Curbing of fake news
India does not have a substantive law that penalises fake news, and as the country is becoming increasingly digital, it is further difficult to confine the prohibition to a manageable and definite standard. Provisions in the IPC, however, penalise the acts of speech that may penalise the spread of fake news. There are approximately 53 crore WhatsApp, 41 crore Facebook users, 21 crore Instagram users and 1.75 crore Twitter users. A recent study by Microsoft has found that over 64% of Indians had encountered fake news online. 52% of English using internet users get their news via WhatsApp and Facebook. Messaging platforms are usually filled with fake news and disinformation that is aimed at influencing political choices made during the Indian elections. For instance, six months before the 2014 general elections in India, 62 people were killed in sectarian violence and 50,000 were displaced from their homes in the state of UP. Through investigations, it was discovered that a fake video that was shared on WhatsApp led to this sectarian violence and triggered mob violence. Further, smaller platforms such as Sharechat which has about 40 million users operate in 14 Indian languages and target first-time internet users and have several false claims and misinformation. A rising tide of nationalism is driving Indians to share fake news that leads to polarisation and mobilisation. To curb the menace of fake news, there are two new provisions in the IPC i.e., 153C that is to be added to prohibit incitement to hatred and a section 505A that prohibits speech that causes fear, alarm, or provocation of violence.
The Rules state that SSMI’s need to enable the identification of the first originator according to the Information Technology (Procedure and Safeguards for Interception, Monitoring and Decryption of Information) Rules, 2009. SSMIs should strive to deploy automated tools to proactively identify information that depicts rape or related offences. WhatsApp here poses a unique problem given its encryption technology and the company’s vision for secure and private communication. An improvement in this regard, is the labelling of forwarded messages. New privacy settings also guarantee that one can be added to a group by contacts or by no-one at all. The rules do not authorise the discovery of content of messages but states the extent of double encryption. This may result in a potential breach of right of speech, and it will require updated information of each user in a manner that can be shared with the government.
In the case of Antony Clement Rubin v. Union of India, the Madras High Court observed that an intermediary must provide information or any assistance in tracing the originator of the message on any messaging platform. When transferred to the Supreme court, also popularly known as ‘WhatsApp traceability case’, the court observed that it is imperative to find the originators in content comprising of pornography, drugs and other issues that are in public interest. In a report with the expert opinion submitted to the Madras HC to trace originator of WhatsApp messages, IIT Madras professor, Dr. V. Kamakoti, filed an affidavit observing that the originating information of a WhatsApp message could be traced and suggested several other models that detailed the mode of transmission of the message. He further argued that WhatsApp cannot be focussed on privacy as it has allowed forwarding of messages. However, there are several opponents of this view with regard to the freedom of speech and expression and violation of the fundamental right to privacy of the concerned individuals. Considering the report, the Supreme Court observed that the technology is evolving, and it is imperative that concrete steps are taken in order to protect the rights of the public through the implementation of the guidelines.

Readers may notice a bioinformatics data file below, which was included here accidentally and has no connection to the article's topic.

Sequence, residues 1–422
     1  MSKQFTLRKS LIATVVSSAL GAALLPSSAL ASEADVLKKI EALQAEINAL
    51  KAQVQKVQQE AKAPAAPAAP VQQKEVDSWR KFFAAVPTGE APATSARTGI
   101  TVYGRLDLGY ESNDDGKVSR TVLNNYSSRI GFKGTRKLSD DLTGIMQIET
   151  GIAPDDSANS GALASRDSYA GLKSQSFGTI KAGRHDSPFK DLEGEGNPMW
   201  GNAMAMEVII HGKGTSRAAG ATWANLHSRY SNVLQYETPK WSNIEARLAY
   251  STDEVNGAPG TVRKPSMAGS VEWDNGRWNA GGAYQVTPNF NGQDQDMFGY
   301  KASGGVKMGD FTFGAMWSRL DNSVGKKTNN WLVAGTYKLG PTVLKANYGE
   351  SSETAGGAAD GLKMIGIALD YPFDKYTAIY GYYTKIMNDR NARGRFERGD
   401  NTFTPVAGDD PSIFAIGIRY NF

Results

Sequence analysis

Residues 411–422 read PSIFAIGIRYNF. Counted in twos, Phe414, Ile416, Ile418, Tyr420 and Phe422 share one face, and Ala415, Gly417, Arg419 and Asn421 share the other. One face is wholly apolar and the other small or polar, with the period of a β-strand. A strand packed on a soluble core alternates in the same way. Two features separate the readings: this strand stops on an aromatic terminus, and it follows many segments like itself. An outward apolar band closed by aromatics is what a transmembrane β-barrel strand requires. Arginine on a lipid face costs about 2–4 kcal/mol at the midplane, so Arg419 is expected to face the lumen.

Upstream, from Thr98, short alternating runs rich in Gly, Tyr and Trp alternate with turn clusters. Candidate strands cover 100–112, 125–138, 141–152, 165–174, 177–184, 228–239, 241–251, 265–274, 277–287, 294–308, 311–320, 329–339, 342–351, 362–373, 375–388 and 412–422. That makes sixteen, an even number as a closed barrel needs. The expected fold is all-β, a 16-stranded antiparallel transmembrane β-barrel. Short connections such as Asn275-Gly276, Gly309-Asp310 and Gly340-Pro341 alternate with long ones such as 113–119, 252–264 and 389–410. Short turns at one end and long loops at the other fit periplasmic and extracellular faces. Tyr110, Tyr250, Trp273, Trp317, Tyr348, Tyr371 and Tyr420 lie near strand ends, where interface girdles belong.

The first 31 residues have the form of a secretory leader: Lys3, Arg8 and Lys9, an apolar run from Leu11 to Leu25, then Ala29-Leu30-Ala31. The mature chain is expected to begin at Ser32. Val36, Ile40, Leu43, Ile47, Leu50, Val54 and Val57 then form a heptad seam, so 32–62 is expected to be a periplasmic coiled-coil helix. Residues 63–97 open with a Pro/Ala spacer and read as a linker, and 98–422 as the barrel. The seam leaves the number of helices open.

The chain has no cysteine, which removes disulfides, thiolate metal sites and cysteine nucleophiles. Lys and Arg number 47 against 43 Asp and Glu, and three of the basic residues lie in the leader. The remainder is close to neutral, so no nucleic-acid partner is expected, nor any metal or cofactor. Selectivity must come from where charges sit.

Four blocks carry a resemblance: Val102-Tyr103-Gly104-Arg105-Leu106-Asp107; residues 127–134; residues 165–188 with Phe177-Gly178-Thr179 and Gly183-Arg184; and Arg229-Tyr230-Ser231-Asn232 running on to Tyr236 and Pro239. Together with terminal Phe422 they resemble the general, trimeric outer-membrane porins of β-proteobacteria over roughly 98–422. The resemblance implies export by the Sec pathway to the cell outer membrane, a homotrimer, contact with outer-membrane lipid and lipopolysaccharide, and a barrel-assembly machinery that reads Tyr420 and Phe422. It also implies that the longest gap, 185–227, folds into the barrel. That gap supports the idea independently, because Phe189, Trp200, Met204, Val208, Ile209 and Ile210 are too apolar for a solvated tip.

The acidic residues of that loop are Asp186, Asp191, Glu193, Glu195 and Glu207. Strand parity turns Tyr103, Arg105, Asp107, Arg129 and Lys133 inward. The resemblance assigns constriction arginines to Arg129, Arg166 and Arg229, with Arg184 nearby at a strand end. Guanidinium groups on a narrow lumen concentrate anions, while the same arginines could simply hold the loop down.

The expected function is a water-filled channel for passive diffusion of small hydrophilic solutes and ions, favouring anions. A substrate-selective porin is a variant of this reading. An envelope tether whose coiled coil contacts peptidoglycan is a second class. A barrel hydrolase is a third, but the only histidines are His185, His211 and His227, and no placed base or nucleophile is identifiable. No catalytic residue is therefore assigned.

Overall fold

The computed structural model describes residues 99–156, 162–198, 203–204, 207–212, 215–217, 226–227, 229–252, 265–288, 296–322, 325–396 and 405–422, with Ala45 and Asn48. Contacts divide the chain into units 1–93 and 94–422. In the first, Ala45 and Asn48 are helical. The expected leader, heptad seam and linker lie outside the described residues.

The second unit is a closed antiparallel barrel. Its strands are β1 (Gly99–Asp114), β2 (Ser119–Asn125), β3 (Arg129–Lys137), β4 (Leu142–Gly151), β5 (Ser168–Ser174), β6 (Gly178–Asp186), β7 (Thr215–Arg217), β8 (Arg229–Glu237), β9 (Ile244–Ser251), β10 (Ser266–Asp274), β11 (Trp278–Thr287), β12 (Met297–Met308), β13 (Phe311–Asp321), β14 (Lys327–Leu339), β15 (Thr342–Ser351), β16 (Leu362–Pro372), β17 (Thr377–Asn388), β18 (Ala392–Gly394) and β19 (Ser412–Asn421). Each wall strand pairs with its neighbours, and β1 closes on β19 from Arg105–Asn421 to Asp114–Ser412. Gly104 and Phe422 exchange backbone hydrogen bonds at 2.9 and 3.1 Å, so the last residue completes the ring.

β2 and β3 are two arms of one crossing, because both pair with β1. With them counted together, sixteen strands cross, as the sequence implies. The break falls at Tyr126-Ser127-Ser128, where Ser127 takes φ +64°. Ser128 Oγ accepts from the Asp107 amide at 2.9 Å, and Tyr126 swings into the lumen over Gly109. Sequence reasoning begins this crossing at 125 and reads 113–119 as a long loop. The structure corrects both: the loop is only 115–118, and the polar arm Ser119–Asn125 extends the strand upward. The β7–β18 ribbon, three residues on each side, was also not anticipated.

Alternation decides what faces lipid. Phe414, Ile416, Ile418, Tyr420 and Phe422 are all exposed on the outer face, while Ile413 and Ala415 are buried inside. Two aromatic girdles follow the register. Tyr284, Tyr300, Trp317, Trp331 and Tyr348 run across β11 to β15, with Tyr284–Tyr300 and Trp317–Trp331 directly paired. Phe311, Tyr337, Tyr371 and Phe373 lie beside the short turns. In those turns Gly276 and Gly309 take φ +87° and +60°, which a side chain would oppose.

With the freedom of speech and expression, comes the responsible use of words and any form of medium that is allowing one to express thoughts and opinions. It is an established principle, that freedom does not confer an absolute right to speak or publish, without responsibility, and an unrestricted license that gives immunity for every possible use of language and punishment for the same.
It is imperative that reasonable restrictions are maintained for the freedom of speech and expression by users on social media platforms. The executive and judiciary exercise their powers in the implementation and interpretation of the law, in the regulation of free speech and expression in a way that upholds the constitutional values, integral to a multicultural country such as India.
*Vallari Dronamraju is an Editor at IntellecTech Law and a penultimate year law student at the National University of Advanced Legal Studies, Kochi with a keen interest in competition law, technology law and corporate law.
 Andreas Kaplan & Michael Haenlein, “Users of World, Unite! The Challenges and Opportunities of Social Media”, 53 Business Horizons, pp. 59-68 (2010).